Metro’s new Silver Line is officially open and carrying passengers. Enjoy this photo tour of the new line and opening day festivities.
Metro’s star-studded ribbon-cutting ceremony featured US Secretary of Transportation Anthony Foxx, Virginia Governor Terry McAuliffe, and seemingly every other dignitary in Northern Virginia.
Once the gates at Wiehle station opened, riders rushed in to catch the first train. Cheers erupted as the “doors closing” chime sounded for the first time, and the train sped forward.
The first train took off from Wiehle-Reston East station shortly after noon, and moved east through Tysons on its way to Largo. GGW’s troop of partiers exited at East Falls Church to double back and tour each of the five new Silver Line stations individually.
The ride between East Falls Church and McLean station offers a champion view of the Tysons skyline, and McLean station itself.
Metro’s tracks swoop gracefully into McLean station.
The station is elevated over Capital One Drive, and features an angular starburst-shaped platform canopy. The mezzanine is one level below the tracks. The sidewalk is one level below that.
Construction transforms the landscape outside the station, except a lone ball field.
Looking west, the growing skyline around the Tysons Corner station looms.
Tysons Corner station
Tysons Corner station is situated between Tysons’ two gargantuan shopping malls and its tallest buildings (so far). The platform canopy is a futuristic gambrel-like shape.
Tysons Corner station uses the gambrel roof instead of the starburst because the mezzanine is above the tracks, rather than below. That same pattern repeats at other stations along the line. Mezzanine below tracks gets a starburst, while mezzanine above gets a gambrel.
The mezzanine commands an impressive east-facing view.
On the north side, Tysons Boulevard runs perpendicularly under the station. It’s so similar to how Colesville Road runs under Silver Spring that it’s easy to imagine Tysons Corner one day being just as urban.
On the south side, Chain Bridge Road is a highway that most people will use a bridge to cross.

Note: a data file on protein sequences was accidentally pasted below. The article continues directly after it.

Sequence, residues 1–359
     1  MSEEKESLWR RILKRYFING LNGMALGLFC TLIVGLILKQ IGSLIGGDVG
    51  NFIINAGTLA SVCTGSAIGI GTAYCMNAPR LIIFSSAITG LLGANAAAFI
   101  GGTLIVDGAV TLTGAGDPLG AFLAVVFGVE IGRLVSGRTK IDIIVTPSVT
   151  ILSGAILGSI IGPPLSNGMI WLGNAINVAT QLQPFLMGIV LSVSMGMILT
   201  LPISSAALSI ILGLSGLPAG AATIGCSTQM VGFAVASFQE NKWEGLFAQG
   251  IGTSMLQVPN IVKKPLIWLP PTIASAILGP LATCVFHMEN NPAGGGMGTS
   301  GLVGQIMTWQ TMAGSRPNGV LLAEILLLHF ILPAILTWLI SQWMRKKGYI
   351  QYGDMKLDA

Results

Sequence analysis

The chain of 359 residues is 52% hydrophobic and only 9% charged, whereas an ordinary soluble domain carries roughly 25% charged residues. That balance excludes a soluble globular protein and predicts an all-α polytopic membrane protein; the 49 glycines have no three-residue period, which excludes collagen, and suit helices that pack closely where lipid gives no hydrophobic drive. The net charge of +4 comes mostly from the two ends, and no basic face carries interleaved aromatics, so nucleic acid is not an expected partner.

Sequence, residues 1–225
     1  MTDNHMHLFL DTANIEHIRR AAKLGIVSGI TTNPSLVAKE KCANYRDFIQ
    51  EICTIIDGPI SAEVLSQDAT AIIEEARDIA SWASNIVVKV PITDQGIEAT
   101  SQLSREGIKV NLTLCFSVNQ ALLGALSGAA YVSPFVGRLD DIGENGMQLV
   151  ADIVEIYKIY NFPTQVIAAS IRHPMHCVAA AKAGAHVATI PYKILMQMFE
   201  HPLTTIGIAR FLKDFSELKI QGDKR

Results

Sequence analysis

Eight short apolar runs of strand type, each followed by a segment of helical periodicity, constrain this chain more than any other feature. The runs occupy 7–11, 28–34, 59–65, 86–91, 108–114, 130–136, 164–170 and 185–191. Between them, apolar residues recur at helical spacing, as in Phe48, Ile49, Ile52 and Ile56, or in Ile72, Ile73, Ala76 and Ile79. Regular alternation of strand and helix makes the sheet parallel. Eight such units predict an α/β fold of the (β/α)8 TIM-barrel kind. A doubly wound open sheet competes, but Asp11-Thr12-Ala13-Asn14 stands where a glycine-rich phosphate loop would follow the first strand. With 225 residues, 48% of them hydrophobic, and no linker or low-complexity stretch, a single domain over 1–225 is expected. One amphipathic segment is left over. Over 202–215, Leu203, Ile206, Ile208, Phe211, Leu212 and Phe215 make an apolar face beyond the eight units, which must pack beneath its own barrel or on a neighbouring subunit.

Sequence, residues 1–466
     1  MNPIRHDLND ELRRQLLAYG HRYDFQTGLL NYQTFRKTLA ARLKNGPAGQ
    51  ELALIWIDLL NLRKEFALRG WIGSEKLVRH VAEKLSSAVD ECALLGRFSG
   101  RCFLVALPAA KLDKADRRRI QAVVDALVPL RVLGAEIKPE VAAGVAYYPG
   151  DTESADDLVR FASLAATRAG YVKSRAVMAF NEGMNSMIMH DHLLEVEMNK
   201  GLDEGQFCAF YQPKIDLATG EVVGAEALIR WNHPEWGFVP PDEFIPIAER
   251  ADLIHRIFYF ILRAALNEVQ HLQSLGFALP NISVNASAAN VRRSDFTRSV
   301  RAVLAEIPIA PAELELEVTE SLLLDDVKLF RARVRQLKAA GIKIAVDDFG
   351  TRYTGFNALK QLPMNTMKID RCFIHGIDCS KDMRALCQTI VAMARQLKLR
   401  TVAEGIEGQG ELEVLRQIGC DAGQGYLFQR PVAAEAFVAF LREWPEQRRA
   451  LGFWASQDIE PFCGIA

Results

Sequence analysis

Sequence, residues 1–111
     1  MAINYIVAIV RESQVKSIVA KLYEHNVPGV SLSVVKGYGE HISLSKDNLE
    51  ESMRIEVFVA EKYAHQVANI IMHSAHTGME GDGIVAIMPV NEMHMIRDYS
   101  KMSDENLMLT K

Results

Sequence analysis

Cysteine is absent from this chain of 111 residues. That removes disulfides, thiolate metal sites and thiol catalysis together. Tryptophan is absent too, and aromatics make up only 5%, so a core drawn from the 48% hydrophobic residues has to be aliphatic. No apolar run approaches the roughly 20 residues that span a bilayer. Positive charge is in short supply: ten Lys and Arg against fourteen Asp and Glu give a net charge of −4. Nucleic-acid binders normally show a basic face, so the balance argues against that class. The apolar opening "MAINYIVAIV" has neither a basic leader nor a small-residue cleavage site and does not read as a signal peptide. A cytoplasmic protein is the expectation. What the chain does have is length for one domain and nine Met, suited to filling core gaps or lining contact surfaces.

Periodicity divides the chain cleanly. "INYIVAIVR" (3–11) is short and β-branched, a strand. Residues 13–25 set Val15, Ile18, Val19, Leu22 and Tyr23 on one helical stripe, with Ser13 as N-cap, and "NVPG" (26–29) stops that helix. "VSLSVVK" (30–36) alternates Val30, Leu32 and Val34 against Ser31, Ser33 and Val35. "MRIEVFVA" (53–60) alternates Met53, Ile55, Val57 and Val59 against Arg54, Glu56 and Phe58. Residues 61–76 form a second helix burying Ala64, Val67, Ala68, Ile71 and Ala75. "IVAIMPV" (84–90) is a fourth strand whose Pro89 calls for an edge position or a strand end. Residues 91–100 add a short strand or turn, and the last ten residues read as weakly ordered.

At sidewalk level below the station, it’s reminiscent of Silver Spring.
The south facade includes a prominent public art piece.
Just past Tysons Corner station the Silver Line enters a brief subway tunnel, to pass under the crest of a hill.
The next station west is Greensboro, which also uses the gambrel-like roof.
High walls block out noise from car traffic on Leesburg Pike, to either side of the station.
Like all new Silver Line stations, Greensboro sports updated WMATA branding: More colorful signage and silver fixtures, rather than Metro’s original 1970s-era brown.
Looking west, there’s a great view of Leesburg Pike and the next station, Spring Hill.
Spring Hill station
Spring Hill uses the starburst roof, like McLean.
Spring Hill is the final station in Tysons. From there, it’s a five-mile ride through the Fairfax County suburbs to Wiehle-Reston East.
Wiehle-Reston East station
The terminal station feels like a nicer-looking twin of Vienna, set in the median of the Dulles Access Road instead of I-66.
The gambrel-style roof looks great here.
One key difference from Vienna is that Wiehle’s commodious mezzanine includes publicly-accessible restrooms. All five new Silver Line stations have them.
South of the station, a pedestrian bridge crosses the Dulles Toll Road and lands in an unassuming bus depot, with office building parking lots beyond.
North of the station, impressive transit-oriented development is already sprouting.
On the north side, the station entrance is set in a plaza atop the roof of a parking garage. The ground floor of the garage is Wiehle’s main bus depot, taxi stand, and bike parking room. To access the garage, go through the glass house.
Beyond Wiehle, the Silver Line will eventually extend to Dulles Airport and Loudoun County, but for now it’s just a bit of train parking and construction staging. For a tour of the six stations that will make up Silver Line Phase II, check back in 2018.